Formula for Valuing Stocks

by Michael Wolfe

The easiest way to know what the value of a stock is to check it's most recent trading price on the market. However, there are more complicated formulas that investors can use with the intention of placing a value on the security. Some of these involve historical price data, while some involve other factors besides the stocks market price.

Historical Data

Some valuation formulas use the historical price of a stock to estimate its true value. This works best for stocks that have been around for a while and are low growth. For high-growth stocks, past indicators of performance are less effective. Generally, these formulas stick to a fairly short time line.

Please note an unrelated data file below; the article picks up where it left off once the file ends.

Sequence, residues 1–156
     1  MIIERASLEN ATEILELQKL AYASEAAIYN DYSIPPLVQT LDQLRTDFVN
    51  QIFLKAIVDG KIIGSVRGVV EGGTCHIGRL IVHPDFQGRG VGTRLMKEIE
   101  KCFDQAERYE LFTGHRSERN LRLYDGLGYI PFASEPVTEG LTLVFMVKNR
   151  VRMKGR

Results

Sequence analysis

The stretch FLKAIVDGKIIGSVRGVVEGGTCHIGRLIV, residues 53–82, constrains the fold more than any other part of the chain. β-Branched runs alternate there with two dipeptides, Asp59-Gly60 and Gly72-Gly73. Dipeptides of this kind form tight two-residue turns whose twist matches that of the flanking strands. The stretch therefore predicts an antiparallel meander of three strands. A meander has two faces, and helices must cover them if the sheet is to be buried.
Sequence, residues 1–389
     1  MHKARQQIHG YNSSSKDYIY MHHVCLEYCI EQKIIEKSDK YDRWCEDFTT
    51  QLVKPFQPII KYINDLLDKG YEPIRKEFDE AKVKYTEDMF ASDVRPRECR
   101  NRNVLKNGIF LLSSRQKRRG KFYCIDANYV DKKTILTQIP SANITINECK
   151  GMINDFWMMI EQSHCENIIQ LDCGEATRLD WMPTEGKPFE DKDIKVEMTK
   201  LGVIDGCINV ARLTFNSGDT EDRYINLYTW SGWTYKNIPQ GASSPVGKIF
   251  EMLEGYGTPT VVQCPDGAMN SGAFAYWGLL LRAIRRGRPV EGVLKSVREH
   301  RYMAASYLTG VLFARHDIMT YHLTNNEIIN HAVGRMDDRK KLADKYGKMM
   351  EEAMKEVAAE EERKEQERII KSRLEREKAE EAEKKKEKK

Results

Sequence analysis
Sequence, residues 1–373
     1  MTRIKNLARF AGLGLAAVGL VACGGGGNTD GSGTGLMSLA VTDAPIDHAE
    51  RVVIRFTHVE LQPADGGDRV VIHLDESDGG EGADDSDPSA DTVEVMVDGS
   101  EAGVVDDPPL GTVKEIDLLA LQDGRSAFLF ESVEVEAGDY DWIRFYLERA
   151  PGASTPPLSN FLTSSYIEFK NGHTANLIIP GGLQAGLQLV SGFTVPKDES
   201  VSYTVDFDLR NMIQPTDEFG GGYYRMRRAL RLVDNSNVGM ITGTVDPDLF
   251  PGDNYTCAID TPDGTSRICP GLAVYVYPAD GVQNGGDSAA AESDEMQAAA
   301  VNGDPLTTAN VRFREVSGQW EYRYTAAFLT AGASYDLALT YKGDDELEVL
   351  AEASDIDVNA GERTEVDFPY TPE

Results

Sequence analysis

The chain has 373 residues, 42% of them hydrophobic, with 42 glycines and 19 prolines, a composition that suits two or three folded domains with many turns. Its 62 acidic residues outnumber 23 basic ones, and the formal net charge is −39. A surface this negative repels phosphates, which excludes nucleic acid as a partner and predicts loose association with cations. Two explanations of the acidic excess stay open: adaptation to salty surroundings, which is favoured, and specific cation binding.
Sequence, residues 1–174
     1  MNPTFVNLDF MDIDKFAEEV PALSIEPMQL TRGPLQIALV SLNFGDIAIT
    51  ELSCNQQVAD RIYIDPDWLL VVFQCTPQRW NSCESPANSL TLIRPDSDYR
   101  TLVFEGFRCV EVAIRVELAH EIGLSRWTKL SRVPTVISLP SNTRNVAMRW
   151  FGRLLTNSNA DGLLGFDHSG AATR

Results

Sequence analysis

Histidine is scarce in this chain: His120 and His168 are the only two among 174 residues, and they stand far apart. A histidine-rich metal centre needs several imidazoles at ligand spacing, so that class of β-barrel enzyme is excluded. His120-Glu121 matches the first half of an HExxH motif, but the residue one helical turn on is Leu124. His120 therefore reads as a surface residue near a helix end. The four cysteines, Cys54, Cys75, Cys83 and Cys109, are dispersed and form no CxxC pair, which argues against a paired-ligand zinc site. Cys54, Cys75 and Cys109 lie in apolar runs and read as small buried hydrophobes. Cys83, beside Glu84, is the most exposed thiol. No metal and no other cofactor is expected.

"Fair" Price

Some formulas equate the value of a stock with the so-called fair price of the company. These formulas have an almost infinite number of variations, all of which use data related to the revenue that the company has generated, its profits and the number of shares it has issued, among other data. These formulas, however, may diverge sharply from market sentiment, with the market undervaluing or overvaluing the stock due to a number of factors.

Prediction Models

Some models that attempt to determine the value of a stock use predictions about the future of the economy, including the sector in which the company is located, to estimate the company's future price. For example, an oil company may have its stocks valued higher if there are bullish indicators on the economy as a whole.


All formulas for valuing stocks are only predictions. The results from these formulas are likely to have a different value for a stock than its current market price. You may have your idea of which stock is the most valuable, but your goal is ultimately to decide what the market will think of the stock.


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